Why do we read crime fiction? What do murder mysteries tell us about the history of the city? How do detective stories (polisiye) respond to bourgeois anxieties about the speed and direction of change in the urban environment? This seminar investigates linkages between the city and its representations in the genre of crime fiction. After a brief history of the genre, we will read literature set in Turkey, which will offer us an occasion to reflect on orientalist and postcolonial imaginings of the city, too. Ahmet Ümit’s A Memento for Istanbul, Mehmet Murat Somer’s The Kiss Murder, and Esmahan Akyol’s Hotel Bosphorus are likely to be the target texts. Course participants will write four short essays responding to prompts about the course content and compose a seminar paper about one of the main questions of the course. (Due to its content the course requires participant discretion.)
Seminar: Provisioning the 21st Century City
HON 407 - 4 credits - CRN: 11462
Instructor: Dr. Jack Corbett
From 1970 to 2020 the world’s urban population tripled, growing by 3 billion people, while the number of McDonalds expanded from 1500 outlets to more than 39,000. Mushrooming cities placed extraordinary pressures on world food supplies as globalization altered food preferences, identities, and patterns of demand. In the 21st century the process of provisioning cities, i.e., securing food and related necessities, requires both complex logistics and the artful combination of disparate cultures, practices, foodways, and economic circumstances. “Provisioning”, a term sounding antiquated but used by the United Nations Food and Agriculture Organization, offers a useful means of exploring challenges changing global urban environments present to advocates of sustainability and social justice. In the same conversation we talk of “foodie” communities, backyard chickens, and boutique bistros, then shift to “food deserts”, school lunch programs, and the burden of food-based health disparities. Our explorations will stretch from Portland to Pakistan, Spain, and Mexico as we examine the dynamics and problematics of provisioning in global perspective.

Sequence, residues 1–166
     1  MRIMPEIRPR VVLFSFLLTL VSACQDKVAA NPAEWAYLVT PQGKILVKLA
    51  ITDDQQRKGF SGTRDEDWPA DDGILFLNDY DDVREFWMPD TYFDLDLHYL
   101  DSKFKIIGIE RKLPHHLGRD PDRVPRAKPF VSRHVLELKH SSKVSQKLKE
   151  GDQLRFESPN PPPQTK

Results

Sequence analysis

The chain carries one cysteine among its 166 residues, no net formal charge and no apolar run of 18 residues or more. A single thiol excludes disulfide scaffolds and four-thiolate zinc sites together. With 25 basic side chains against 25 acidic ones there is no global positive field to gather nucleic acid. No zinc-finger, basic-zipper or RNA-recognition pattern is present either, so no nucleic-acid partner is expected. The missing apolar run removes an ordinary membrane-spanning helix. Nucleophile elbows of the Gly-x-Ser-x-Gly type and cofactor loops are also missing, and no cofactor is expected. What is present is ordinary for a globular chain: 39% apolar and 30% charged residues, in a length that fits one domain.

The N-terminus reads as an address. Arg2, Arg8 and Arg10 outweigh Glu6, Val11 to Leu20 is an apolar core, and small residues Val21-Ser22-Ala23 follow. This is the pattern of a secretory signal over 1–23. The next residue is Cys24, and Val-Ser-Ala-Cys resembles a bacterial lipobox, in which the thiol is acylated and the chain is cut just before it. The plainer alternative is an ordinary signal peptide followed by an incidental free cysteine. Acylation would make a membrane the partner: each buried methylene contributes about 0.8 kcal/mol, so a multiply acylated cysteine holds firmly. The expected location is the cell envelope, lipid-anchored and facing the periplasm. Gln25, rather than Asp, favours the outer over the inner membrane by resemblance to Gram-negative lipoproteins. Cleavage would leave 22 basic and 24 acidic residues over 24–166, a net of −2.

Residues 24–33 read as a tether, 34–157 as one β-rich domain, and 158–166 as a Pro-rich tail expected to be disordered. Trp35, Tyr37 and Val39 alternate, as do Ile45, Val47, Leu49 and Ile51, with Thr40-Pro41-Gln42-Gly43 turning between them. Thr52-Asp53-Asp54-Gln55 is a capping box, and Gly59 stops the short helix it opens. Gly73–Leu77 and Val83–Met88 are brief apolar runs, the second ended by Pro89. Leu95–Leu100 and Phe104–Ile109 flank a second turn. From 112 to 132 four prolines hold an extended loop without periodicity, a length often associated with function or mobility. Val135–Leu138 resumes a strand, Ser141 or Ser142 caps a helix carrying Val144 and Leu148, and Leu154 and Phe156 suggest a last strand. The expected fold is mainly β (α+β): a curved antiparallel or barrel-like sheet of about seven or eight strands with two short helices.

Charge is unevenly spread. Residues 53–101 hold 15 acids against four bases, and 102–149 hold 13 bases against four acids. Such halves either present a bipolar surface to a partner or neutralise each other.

Seminar: Language of Photography
HON 407 - 4 credits - CRN: 11463 - Thursday 5:30 - 9:10 pm
Instructor: Dr. Jesse Hoffman
Photography, its Greek roots meaning to write with light, captures our most intimate moments and our